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Magazines > Online > January/February 2004
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Online Magazine
Vol. 28 No. 1 — Jan/Feb 2004
Looking Ahead, Looking Back
By Marydee Ojala • Editor

January is always interesting. As the start of the new year, it's a time for renewal and reflection. There are those pesky New Year's Resolutions, which we have every intention of fulfilling, even if we know we didn't in previous years. "This time it's going to be different," we say to ourselves. "I'll follow these resolutions and I'll become a better person. I will back up my data. I will master all the features on my mobile phone. I will remember there are Web search engines other than Google."

I am forever intrigued by how the information industry reinvents itself. We invent taxonomies, but they taste like thesauri. We worry about the limitations of Web search engines, but we don't exploit all the bells and whistles of our traditional online hosts. We talk among ourselves about online information limitations and glories. Then we bemoan the fact that end users don't do good searches. Why aren't we talking more to them instead of to ourselves?

Not everything, however, is a reinvention. Some things are honestly new. I am particularly intrigued by search engines that don't search text. Nexidia, for example, is a search engine for speech. Run a Nexidia search on a TV news program or recorded phone conversation and it searches the sounds, not a text-based transcription. Spelling ceases to matter. Who cares whether a journalist spells the ex-Russian premier's name as Yeltson or Jeltsin, Nexidia finds it.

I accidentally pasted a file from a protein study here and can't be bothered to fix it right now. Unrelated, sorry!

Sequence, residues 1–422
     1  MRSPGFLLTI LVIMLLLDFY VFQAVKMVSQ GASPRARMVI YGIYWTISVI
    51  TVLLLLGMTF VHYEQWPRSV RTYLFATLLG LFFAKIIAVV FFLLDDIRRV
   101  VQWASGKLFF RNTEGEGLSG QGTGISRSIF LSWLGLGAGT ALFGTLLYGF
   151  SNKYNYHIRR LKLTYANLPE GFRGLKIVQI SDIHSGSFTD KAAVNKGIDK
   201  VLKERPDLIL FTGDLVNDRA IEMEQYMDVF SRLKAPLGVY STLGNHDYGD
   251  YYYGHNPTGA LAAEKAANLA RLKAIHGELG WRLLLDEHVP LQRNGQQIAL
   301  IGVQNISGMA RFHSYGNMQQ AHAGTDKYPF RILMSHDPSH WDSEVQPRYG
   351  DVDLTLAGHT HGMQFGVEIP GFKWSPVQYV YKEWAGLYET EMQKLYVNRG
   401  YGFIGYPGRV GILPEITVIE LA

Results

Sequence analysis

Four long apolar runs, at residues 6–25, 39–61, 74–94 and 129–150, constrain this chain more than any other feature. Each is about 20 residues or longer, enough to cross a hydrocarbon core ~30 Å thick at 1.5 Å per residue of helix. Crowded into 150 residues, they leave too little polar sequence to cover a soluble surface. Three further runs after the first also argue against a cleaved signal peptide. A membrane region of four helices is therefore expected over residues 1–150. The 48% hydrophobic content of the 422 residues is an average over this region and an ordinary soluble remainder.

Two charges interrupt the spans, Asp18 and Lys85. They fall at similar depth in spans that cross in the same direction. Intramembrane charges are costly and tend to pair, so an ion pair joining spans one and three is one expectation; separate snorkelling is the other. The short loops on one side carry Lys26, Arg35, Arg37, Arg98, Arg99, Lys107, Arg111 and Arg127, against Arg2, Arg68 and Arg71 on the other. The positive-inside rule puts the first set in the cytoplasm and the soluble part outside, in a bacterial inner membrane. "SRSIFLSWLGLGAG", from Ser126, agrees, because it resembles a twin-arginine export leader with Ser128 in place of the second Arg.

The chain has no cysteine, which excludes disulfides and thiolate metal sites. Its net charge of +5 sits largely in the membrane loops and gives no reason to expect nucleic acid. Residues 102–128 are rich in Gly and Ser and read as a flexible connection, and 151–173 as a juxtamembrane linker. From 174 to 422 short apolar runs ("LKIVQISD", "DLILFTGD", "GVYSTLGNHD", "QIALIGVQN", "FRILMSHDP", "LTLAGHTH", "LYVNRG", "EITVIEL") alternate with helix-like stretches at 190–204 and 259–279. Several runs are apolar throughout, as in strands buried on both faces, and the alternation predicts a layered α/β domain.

Peter Lyman and Hal Varian, University of California, Berkeley, report that worldwide information production increased 30 percent per year from 1999-2002, much of it in electronic form. They compare this size to multiple Libraries of Congress and see it as an organizational challenge. This makes me wonder, though. When everything is searchable, will we concern ourselves with searching for trivia or will we actually digitize the information that is important? What about older information? Will we find the resources to digitize that? Will the legal system make electronic information increasingly unavailable to ordinary people or will we see a true renewal of online resources? I'm hoping for the latter in 2004.

On another note, January is for saying goodbye to the old and hello to the new. For ONLINE magazine, there are a few changes we'd like to share with you. Due to increased work commitments, Mick O'Leary has decided to discontinue writing his "O'Leary Online" column. A change in Outsell Inc.'s mission has led Anthea Stratigos to retire her "Industry Insights" column. These columnists added a great deal to the quality of this magazine, and we are sorry to see them leave. Both, however, have volunteered to contribute feature articles in future. That's the good-byes. Now for the hello. We are very pleased and proud to introduce our new columnist, George Plosker. A longtime participant in the information industry, beginning as a librarian at San Jose State University and moving on to positions at Dialog, Information Access Company, and Gale Group, George has remarkable rapport with both practitioners and providers. His customer-centric view of the online world, expressed in "The Information Strategist," will be a welcome addition to ONLINE magazine.

Marydee Ojala [] is the editor of ONLINE. Comments? E-mail letters to the editor to

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